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27 Living Together and Your Rights if You Separate

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1 Introduction

2. Why is living together different from being married?

3. Setting up home

4. Making a ´living-together agreement´

5. When you are living together

6. If you or your partner dies

Unmarried partners do not inherit from each other automatically the way married couples do. Instead, if you die without making a will (‘intestate’), your property will go to any children you have. If you don’t have children, it will go to your parents or other members of your blood-related family.

This means that if you are living together and you want your partner to benefit when you die, it is vital to make a will. You should do this even if you feel that at present you don’t own anything of great value. It is essential that you and your partner make wills if you own your home as tenants in common (see ‘Buying somewhere together’). For more about wills, see:

  • the Gurkha Free Legal Advice leaflet 'Wills and Probate'; or
  • the Advice Services Alliance booklet, 'Wills and Living Together'.

See 'Further help' for details on how to get hold of these.

Many unmarried couples do not bother to make wills, but this can cause serious and distressing problems after one partner dies.

There are two main things you need to think about when you are making a will:

  • what your partner will need in the future, especially where they will live; and
  • what your children will need in the future and who will look after them. You may need to appoint a guardian for them. You should think about who you want the children to live with, and who you think should look after their money until they grow up. These may be different people. You should discuss this with the people you want to appoint to make sure that they would be willing to take on the role.

What happens if I am left with nothing?
If your partner dies without a will, and you are not provided for, you may be able to make a claim to the court for part of the ‘estate’ (their estate is all their assets and property, including houses, investments, money and belongings). You must make this claim within six months of probate being granted on your partner’s estate. See the Gurkha Free Legal Advice leaflet ‘Wills and Probate’ for more about this. You have to show the court that your partner was supporting you. You can claim:

  • as a 'cohabitant' if you lived as a couple (same-sex or male-female) for a continuous period of two years before your partner died; or
  • as a 'dependant' if you lived together less than two years.

Cohabitants may get more than dependants. You can also bring claims for children if your partner was supporting them.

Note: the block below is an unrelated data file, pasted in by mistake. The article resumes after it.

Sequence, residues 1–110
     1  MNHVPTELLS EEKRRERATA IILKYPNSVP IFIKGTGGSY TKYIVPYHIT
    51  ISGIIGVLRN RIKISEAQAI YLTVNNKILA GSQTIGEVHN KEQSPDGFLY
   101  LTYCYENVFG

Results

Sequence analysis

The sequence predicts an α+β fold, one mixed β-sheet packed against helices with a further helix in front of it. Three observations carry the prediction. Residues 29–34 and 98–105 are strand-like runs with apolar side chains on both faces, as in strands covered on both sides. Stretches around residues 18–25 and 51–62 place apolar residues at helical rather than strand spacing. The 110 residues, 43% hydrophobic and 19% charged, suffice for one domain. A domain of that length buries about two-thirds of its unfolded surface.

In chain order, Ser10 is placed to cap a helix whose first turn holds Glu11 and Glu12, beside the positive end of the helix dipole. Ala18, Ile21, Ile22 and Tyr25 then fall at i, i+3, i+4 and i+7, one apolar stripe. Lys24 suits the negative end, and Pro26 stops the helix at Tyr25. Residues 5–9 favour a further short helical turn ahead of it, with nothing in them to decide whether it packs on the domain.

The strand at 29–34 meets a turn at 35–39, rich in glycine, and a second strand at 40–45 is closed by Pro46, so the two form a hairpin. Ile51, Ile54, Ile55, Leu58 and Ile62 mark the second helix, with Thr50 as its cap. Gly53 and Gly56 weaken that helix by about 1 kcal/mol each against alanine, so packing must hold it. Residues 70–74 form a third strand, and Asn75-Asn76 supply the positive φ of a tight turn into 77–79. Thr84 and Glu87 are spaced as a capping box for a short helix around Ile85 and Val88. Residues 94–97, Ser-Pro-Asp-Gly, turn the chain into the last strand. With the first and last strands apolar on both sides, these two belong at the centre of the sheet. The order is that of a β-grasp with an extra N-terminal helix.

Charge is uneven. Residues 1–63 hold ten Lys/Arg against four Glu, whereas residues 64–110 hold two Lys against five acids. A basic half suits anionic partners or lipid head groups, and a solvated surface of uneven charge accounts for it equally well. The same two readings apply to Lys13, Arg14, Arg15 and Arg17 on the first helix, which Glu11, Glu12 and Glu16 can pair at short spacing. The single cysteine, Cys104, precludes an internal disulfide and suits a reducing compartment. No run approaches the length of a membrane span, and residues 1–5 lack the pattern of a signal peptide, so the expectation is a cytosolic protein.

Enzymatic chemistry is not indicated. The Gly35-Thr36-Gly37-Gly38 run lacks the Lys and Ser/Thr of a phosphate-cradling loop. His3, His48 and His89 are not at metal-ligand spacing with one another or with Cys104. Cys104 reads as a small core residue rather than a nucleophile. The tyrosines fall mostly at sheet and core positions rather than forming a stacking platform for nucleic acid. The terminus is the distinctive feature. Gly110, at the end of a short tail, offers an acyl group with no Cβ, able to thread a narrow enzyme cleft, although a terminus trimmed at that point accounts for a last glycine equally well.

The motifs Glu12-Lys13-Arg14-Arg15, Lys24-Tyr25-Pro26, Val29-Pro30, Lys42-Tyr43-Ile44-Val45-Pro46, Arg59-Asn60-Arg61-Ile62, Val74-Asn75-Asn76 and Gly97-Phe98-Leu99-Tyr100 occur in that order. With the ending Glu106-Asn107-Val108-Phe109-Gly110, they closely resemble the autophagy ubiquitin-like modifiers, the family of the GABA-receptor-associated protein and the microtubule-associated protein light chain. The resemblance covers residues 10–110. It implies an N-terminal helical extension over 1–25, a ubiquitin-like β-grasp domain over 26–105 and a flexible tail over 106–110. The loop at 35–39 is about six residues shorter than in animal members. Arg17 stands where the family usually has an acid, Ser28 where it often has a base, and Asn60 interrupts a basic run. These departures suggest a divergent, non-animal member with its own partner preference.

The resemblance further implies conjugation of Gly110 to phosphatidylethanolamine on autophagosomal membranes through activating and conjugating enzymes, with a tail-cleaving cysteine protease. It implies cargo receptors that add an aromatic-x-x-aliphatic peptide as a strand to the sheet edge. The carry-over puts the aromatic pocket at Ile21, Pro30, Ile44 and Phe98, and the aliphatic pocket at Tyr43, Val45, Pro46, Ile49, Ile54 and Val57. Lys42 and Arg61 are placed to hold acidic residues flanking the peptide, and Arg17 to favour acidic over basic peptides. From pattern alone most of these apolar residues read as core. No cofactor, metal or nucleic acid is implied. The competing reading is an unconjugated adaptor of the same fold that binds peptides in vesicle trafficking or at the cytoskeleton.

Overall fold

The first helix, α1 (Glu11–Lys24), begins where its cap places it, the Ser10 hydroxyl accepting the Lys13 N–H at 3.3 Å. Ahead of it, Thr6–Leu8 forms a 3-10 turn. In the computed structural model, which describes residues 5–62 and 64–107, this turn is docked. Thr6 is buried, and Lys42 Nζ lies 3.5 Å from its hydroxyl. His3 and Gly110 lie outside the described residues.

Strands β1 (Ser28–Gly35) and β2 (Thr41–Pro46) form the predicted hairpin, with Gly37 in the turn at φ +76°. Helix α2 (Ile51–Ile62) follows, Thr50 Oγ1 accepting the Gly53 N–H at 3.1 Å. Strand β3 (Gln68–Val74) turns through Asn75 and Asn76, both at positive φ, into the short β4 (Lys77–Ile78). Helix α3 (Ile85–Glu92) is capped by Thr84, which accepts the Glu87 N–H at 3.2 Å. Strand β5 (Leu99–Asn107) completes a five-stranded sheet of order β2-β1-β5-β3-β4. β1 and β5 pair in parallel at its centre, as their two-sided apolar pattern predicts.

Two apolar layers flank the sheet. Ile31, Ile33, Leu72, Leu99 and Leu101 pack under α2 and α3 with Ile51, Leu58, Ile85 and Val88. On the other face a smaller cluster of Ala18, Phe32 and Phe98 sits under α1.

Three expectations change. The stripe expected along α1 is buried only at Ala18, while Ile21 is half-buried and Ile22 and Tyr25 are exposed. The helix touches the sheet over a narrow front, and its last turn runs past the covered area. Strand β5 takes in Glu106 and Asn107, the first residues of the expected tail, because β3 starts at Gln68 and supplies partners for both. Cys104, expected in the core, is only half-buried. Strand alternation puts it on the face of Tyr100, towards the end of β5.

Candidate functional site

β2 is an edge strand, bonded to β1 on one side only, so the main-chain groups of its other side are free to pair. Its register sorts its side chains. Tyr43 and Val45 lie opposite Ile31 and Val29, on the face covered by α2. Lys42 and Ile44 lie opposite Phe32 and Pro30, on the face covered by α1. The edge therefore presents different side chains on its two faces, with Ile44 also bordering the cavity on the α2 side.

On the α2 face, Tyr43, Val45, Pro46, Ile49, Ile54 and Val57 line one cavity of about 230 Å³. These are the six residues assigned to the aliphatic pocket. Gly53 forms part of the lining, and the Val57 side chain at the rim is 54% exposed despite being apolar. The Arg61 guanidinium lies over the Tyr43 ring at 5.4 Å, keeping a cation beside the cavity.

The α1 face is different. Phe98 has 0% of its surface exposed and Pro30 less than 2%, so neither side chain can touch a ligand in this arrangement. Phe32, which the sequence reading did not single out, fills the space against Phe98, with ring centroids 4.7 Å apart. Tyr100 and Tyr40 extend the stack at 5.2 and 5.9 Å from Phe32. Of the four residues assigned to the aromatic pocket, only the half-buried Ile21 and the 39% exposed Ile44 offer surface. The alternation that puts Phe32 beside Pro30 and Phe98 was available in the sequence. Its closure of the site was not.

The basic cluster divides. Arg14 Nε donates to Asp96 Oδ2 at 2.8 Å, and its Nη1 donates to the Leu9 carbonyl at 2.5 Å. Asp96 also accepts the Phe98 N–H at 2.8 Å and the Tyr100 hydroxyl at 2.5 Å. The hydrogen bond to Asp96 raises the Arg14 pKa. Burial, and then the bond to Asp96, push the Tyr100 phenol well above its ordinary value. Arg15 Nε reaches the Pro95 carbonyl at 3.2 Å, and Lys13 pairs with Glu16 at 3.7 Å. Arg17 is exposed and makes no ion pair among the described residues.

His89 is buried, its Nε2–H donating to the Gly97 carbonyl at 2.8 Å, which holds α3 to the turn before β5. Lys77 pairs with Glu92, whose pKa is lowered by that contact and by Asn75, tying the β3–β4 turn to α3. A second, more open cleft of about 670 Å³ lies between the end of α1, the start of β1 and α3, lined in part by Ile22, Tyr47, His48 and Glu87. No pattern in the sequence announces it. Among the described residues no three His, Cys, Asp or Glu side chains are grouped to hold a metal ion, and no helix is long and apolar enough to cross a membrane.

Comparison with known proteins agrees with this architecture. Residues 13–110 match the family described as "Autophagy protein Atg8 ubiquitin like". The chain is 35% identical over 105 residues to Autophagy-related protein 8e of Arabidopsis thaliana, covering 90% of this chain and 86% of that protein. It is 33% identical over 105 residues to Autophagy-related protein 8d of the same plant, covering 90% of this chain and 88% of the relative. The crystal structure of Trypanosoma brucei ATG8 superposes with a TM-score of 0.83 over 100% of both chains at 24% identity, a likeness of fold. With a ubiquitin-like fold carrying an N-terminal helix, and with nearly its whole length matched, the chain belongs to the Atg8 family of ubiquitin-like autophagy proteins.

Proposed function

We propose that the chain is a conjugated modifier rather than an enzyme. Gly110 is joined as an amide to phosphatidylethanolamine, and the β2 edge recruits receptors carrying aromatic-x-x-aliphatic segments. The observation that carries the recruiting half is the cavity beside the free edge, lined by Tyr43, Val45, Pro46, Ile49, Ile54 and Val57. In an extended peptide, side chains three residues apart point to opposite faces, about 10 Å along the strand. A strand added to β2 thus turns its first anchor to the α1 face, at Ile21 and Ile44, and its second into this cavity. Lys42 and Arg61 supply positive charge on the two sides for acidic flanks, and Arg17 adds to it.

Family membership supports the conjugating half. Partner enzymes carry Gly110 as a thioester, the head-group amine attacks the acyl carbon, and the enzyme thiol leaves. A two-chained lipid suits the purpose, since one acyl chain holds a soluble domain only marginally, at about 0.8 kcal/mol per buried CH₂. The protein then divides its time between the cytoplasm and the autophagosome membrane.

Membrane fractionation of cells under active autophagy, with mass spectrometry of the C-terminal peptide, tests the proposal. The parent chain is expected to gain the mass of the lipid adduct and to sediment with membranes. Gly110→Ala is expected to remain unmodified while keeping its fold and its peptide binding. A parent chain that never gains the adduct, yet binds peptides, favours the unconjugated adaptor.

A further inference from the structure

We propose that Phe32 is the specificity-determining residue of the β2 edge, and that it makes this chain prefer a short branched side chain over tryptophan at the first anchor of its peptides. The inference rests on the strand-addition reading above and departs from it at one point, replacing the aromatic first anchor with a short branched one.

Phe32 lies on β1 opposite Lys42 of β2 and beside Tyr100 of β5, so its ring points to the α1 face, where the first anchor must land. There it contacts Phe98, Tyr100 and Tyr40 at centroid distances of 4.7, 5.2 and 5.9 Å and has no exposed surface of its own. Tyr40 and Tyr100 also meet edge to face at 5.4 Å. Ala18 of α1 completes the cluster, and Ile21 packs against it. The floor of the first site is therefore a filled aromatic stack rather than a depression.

Claims for damages if your partner dies in an accident
If your partner dies in an accident and there is a claim for damages, you won’t necessarily benefit from this. Bereavement damages (currently £11,800) can be paid only to the husband or wife or registered civil partner of someone who dies in an accident. If you had been living with your partner for a continuous period of two years before they died, you can make a claim under the Fatal Accidents Act 1976 for loss of financial support. This applies to both male-female and same-sex couples.

Other damages are normally paid as compensation when someone dies in an accident. ‘General damages’, which means compensation for the dead person’s pain, suffering and ‘loss of amenity’, are paid into the person’s estate. So too are damages for any loss of earnings or benefit that the dead person had. These damages will go to you only if your partner left a will that named you. Otherwise they will go to his or her blood-relations like the rest of his or her property. This is another reason for making a will.

As an unmarried partner you may be able to bring a claim if you experience losses of your own as a result of the accident – for instance, if you have to give up work to nurse your partner.

The tenancy on a rented house or flat
With some sorts of tenancies, you have the right to inherit the tenancy if your partner was the tenant and he or she dies. For more about this, see the Gurkha Free Legal Advice leaflet ‘Renting and Letting’. Same-sex couples should be treated as having the same rights in this situation as male-female couples

7. State benefits for people living together

8. Tax matters

9. Pensions

10. If you split up

11. Arrangements if you have children

12. Sorting out the home

13. Sorting out other items you own

14. Dealing with emergencies

15. Terms used in matters to do with living together

16. Further help

17. About this leaflet

The leaflets in this series give you an outline of your legal rights. They are not a complete guide to the law and are not intended to be a guide to how the law will apply to you or to any specific situation. The leaflets are regularly updated but the law may have changed since this was printed, so information in it may be incorrect or out of date.

If you have a problem, you will need to get more information or personal advice to work out the best way to solve it. See 'Further help' for sources of information and advice.

This leaflet is published by the Gurkha Free Legal Advice (LSC). It was written in association with Imogen Clout, a solicitor and mediator specialising in family law.

Leaflet version: January 2009

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